Investment in direct stocks, mutual funds, ULIPs and NPS is likely to become a bit expensive for investors.
Hidden in the fine print of the interim Budget document, Piyush Goyal, Union Finance Minister In Charge has said that the government would levy stamp duty on financial securities transactions, which includes financial instruments like direct stocks and mutual funds.
Goyal said, “Our Government had promised last year that we will carry out reforms in stamp duty levied and collected on financial securities transactions. I am proposing, through the Finance Bill, necessary amendments in this regard. The amendments proposed would usher in a very streamlined system. Stamp duties would be levied on one instrument relating to one transaction and get collected at one place through the stock exchanges. The duty so collected will be shared with the state governments seamlessly on the basis of domicile of buying client.”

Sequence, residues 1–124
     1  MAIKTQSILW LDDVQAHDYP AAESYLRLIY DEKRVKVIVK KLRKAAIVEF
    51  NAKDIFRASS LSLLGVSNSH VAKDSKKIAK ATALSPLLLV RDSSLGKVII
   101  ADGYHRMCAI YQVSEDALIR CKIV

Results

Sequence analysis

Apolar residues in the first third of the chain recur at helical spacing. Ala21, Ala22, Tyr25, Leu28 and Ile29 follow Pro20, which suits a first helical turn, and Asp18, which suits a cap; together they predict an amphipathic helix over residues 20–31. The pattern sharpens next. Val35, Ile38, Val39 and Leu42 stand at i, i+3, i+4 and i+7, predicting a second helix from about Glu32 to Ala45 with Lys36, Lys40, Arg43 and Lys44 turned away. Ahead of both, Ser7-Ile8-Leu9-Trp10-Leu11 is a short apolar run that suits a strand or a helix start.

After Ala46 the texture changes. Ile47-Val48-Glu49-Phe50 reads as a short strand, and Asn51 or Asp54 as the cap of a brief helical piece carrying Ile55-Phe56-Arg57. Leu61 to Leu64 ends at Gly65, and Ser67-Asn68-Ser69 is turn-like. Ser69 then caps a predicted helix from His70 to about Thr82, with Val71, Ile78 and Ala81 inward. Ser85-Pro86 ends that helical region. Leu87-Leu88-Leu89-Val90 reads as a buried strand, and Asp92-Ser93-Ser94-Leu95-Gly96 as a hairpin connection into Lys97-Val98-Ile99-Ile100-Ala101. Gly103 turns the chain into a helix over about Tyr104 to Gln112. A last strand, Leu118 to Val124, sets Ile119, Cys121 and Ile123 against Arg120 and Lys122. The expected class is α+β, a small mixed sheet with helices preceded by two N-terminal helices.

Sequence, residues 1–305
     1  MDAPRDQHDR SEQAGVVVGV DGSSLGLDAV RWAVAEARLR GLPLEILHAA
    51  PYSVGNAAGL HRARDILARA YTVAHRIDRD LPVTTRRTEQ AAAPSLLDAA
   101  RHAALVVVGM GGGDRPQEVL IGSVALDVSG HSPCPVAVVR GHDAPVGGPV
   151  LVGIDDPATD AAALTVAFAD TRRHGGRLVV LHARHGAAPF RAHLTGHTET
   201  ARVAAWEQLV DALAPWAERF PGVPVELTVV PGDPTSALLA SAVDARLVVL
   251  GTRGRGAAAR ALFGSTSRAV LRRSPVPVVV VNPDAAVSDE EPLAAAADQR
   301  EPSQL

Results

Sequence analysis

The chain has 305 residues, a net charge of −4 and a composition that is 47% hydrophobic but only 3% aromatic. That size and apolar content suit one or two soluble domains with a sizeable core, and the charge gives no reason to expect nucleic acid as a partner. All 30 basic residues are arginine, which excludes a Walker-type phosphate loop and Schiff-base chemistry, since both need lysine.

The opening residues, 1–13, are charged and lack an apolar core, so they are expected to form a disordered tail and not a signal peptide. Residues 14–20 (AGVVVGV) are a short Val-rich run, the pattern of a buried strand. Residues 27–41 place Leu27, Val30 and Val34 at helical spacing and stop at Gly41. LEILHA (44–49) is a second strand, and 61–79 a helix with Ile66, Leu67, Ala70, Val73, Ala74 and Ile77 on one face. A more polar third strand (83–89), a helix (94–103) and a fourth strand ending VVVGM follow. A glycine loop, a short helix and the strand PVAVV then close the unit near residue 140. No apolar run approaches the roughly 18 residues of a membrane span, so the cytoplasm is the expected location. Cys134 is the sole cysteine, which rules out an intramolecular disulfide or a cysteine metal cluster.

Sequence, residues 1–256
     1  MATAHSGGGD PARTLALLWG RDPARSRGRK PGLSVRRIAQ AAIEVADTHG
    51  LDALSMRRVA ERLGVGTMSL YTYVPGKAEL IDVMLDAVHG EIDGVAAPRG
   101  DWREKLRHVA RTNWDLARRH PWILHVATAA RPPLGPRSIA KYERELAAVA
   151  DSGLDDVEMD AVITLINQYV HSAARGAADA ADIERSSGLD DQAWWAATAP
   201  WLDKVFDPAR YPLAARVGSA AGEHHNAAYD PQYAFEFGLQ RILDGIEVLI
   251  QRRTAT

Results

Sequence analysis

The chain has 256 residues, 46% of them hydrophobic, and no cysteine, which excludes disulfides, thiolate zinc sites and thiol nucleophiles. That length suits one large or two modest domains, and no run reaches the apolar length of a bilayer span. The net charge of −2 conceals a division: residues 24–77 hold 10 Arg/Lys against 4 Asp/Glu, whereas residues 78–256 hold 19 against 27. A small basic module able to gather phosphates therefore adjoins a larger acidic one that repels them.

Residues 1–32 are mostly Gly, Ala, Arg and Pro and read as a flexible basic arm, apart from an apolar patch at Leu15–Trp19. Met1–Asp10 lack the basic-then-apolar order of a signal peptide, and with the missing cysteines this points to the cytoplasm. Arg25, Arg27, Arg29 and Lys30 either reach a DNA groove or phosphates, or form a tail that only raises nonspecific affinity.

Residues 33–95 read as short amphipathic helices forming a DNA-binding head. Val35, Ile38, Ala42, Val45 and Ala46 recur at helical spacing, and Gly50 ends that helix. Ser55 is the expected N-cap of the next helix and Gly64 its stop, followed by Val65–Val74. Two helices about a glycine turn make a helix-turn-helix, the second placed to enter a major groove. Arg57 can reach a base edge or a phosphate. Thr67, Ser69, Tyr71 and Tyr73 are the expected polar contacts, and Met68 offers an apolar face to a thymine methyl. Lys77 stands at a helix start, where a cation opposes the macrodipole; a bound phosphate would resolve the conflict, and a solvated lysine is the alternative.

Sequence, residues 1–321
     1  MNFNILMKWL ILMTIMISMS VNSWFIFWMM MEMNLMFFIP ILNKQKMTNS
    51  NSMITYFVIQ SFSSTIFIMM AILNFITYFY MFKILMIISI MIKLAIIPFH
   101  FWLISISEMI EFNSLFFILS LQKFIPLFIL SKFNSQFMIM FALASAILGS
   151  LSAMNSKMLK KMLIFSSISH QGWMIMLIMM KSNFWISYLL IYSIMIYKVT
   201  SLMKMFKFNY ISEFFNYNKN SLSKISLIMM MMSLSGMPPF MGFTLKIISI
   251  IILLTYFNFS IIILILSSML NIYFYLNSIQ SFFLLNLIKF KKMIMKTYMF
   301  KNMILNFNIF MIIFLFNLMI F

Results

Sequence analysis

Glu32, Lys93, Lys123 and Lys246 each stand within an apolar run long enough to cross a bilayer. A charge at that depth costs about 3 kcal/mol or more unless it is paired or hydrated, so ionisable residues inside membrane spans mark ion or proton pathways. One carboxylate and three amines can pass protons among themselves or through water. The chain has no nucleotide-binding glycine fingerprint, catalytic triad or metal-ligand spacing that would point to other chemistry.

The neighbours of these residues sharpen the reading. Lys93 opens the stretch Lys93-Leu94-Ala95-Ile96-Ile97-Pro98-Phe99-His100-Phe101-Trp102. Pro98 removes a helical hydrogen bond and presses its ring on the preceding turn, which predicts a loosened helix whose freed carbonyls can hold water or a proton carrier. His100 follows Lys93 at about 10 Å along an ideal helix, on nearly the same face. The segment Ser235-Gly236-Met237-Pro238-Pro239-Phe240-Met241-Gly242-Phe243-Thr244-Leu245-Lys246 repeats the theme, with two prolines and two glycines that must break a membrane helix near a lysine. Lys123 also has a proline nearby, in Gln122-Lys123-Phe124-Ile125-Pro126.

Industry experts believe that initial reading of budget document implies that government would re-introduce stamp duty tax in demat transactions. However, the impact would be marginal due to low rate of the stamp duty tax.
Though government is yet to announce the rate at which stamp duty will be levied on demat transactions, it was 0.01% in delivery transactions and 0.002% in intraday, future and option transactions.
Since mutual funds, ULIPs and NPS deal with shares, investors investing in these financial instruments will have to bear this tax. Also, investors having exposure to mutual funds with high turnover ratio will be affected more due to re-introduction of stamp duty.
AMC Compliance Head said, “Earlier, the government had waived off stamp duty in transaction of securities in demat form. However, the government has proposed to re-introduce this duty. Also, stock exchanges will have to track origin of investors to distribute stamp duty among states.”